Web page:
The last English survivor of the trench warfare of World War I, Harry Patch, died a few days ago. His funeral was held today.
According to the Daily Mail:
All 1,400 seats in Wells Cathedral were filled while thousands more gathered in the rainy precincts and streets outside to say farewell to the last soldier of the Great War, the 'last fighting Tommy', the last man who had known the smell of the trenches and the horrors that lay beyond them.
The plumber from Combe Down had always rejected suggestions of a state funeral for the last of the last. But this was not far off. The governments and armies of four nations - including Germany - had sent delegations to salute the 111-year-old.
. . .
England's smallest city had been filling up from breakfast time as people from all over Britain came to pay their respects to an entire epoch. Crowds of all ages lined the streets to the city centre from Fletcher House, Mr Patch's care home for the last 12 years of his life.
As the hearse proceeded at walking speed, it was followed by six pall-bearers from the 1st Battalion The Rifles (five of whom have recently returned from fighting in Afghanistan). Mr Patch had specifically asked that his pall-bearers should be roughly the same age as he was - 19 - when he was wounded at the Battle of Passchendaele in Ypres in 1917.
He had also requested that his funeral should be a statement of peace and reconciliation, with invitations extended to allies and old foes alike. So, the coffin was also escorted by two soldiers from, respectively, Belgium, France and Germany.
'We really appreciate the generous gesture,' said Dr Eckhard Lubkemeier, charge d'affaires at the German Embassy. He had been invited to read one of the lessons at the service.
. . .
In keeping with the multinational flavour of the occasion, it was the Belgian charge d'affaires, Marie-France Andre, who delivered an extract from Mr Patch's autobiography, The Last Fighting Tommy.
She read out his recollection of the moment when a horribly wounded comrade had begged Harry to shoot him.
'He was beyond all human help and before we could draw a revolver he was dead. And the final word he uttered was "Mother!",' Mr Patch had written.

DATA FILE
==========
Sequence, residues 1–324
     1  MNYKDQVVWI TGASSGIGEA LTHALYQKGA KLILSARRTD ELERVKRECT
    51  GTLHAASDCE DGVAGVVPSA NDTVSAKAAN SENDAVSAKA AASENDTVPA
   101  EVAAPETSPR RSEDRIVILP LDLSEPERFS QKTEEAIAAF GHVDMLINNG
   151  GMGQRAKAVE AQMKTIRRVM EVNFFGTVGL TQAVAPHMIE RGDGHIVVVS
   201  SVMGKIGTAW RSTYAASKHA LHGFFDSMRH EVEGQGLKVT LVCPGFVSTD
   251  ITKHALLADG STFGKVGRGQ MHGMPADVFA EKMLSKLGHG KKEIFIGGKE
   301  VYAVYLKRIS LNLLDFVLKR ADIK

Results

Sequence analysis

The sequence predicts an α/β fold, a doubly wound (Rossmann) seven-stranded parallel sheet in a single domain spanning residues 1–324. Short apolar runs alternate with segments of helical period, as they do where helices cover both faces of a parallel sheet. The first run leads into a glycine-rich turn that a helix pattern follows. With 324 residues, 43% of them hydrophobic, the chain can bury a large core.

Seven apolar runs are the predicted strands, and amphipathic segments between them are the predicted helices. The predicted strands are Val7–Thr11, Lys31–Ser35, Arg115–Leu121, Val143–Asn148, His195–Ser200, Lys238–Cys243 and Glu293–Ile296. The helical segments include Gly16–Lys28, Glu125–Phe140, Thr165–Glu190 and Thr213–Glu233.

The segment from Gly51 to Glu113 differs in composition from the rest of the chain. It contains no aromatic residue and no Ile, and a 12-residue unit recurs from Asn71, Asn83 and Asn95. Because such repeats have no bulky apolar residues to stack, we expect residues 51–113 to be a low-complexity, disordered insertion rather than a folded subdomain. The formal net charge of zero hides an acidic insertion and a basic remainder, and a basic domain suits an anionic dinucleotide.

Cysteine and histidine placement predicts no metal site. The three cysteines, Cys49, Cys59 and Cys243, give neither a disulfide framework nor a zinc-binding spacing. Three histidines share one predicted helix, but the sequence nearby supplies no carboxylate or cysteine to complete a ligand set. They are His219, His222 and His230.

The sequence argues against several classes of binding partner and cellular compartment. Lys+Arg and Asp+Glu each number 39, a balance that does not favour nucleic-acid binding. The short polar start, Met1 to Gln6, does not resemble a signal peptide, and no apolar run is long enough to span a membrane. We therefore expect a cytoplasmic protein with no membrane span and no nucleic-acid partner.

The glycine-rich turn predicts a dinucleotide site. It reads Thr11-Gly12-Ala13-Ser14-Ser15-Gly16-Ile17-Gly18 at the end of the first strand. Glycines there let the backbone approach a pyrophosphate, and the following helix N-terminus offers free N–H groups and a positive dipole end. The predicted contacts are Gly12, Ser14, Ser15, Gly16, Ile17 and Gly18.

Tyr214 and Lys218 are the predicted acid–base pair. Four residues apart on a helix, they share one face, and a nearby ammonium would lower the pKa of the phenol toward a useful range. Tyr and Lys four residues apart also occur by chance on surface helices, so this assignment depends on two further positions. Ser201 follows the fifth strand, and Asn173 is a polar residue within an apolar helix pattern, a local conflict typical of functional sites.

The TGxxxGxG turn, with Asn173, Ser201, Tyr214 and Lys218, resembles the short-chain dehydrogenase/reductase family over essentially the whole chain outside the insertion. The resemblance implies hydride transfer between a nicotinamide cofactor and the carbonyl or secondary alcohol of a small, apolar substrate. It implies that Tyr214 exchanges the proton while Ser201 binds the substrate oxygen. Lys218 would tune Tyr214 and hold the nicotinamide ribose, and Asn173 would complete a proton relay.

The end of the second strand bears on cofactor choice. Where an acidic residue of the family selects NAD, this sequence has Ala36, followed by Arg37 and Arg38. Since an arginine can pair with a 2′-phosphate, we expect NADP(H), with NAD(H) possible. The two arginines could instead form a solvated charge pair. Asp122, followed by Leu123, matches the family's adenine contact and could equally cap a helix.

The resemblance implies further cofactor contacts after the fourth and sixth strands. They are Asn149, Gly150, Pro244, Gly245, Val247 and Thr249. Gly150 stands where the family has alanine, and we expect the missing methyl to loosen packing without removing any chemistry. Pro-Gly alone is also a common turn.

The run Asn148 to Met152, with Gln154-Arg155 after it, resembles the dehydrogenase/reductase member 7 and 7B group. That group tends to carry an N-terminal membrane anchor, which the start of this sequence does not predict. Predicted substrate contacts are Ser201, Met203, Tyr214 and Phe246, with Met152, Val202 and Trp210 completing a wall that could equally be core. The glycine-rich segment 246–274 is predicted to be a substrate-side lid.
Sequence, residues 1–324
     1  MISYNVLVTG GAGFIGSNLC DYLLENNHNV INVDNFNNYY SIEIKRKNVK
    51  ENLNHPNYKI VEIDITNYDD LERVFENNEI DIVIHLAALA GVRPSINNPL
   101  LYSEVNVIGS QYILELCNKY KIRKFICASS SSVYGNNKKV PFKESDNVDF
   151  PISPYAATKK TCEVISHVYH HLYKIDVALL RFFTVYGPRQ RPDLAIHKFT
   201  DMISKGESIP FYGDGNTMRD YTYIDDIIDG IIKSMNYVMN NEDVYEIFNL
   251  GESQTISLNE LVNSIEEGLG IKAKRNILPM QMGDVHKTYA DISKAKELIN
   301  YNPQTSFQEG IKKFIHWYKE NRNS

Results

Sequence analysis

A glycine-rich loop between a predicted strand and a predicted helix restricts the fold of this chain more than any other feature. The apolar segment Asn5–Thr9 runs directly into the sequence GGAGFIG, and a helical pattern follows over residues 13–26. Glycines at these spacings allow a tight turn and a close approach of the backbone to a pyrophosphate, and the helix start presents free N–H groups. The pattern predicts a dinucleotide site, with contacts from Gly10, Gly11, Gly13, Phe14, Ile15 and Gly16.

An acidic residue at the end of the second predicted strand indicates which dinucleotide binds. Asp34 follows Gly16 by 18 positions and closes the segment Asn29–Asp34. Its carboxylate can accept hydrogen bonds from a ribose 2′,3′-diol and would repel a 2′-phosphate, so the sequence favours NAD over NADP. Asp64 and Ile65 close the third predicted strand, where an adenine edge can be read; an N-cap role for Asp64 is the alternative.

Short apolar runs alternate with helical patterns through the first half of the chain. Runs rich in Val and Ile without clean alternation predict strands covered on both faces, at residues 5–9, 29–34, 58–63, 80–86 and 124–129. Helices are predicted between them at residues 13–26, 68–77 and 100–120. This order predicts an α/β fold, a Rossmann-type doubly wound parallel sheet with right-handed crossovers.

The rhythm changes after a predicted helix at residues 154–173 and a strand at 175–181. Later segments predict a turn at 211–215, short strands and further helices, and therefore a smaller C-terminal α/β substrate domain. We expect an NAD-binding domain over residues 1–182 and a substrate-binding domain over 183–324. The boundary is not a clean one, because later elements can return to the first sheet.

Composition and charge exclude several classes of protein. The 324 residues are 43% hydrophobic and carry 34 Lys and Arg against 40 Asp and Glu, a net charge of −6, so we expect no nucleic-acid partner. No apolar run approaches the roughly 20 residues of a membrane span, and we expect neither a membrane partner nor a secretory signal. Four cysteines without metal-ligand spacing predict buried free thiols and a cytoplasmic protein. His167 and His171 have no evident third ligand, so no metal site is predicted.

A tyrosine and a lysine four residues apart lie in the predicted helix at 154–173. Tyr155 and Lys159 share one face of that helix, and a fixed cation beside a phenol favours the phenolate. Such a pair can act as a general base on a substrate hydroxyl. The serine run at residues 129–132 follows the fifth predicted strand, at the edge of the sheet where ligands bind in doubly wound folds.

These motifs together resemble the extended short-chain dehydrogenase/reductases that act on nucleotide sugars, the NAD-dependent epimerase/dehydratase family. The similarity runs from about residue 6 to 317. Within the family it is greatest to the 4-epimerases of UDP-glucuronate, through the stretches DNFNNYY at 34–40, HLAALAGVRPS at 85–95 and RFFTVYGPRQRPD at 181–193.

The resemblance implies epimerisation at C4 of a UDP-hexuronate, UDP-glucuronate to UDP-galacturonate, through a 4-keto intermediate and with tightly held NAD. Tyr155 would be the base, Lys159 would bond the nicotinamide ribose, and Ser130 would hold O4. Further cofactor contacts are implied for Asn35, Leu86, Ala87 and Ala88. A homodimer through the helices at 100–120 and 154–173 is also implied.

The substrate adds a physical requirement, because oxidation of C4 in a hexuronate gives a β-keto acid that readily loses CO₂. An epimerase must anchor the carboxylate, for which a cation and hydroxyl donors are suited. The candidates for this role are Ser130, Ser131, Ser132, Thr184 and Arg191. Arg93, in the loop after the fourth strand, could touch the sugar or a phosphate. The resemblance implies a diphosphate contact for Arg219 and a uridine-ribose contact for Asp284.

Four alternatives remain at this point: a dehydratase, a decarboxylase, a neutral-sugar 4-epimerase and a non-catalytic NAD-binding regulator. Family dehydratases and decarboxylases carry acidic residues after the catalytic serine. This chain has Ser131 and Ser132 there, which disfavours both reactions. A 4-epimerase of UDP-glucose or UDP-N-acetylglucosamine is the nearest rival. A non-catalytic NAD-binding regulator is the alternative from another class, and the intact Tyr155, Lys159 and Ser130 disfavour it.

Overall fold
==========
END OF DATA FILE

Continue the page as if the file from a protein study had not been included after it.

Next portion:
'I'm positive that when he left this world, wherever he went, his mother was there, and from that day I've always remembered that cry, and that death is not the end.'
Mr Patch's friend, Jim Ross, spoke of the way in which Harry had 'imprisoned' the 'demon' of his war memories for 80 years before speaking about the horror of Ypres.
'He didn't go public to become our oldest author or meet fine people in fancy palaces,' said Mr Ross.
'He let it out so we could hear his message of peace and reconciliation. He was the plumber from Combe Down who showed us true heroism.'
Outside, thousands looked on, courtesy of a huge screen on Cathedral Green. They joined in singing Mr Patch's favourite hymns - O God Our Help In Ages Past and Dear Lord And Father Of Mankind - and they stood in solemn silence as his coffin emerged.
Before being driven away for a private burial, it paused for the Last Post after which another old friend, Nick Fear, recited the famous epitaph: 'They shall grow not old...'
Mr Fear then read out the names of the three mates Harry always thought of whenever the bugle sounded. He had always referred to the men by their nicknames - Jack, Jill and Maudy.
They were all killed on Pilkem Ridge by the same shell which wounded Mr Patch in the groin in 1917, and ended his war (after a traumatic operation without anaesthetic).
Yesterday was a tribute not just to Harry, not just to Jack, Jill and Maudy but to the millions of others, so many of whom went to their graves almost a century ago.
In his later years, Harry Patch saw it as his life's mission to make us remember them all in perpetuity.
He must be getting quite a welcome on the other side.
There's much more at the link, including many more photographs. Recommended reading.
Here's a video clip about Harry's life, including him speaking about his memories.
And here's coverage of today's funeral.
From this veteran of another war, to a departed comrade: in the words of William Shakespeare, may 'flights of angels sing thee to thy rest'. Sleep well, Sir. You've earned it. We shall remember you.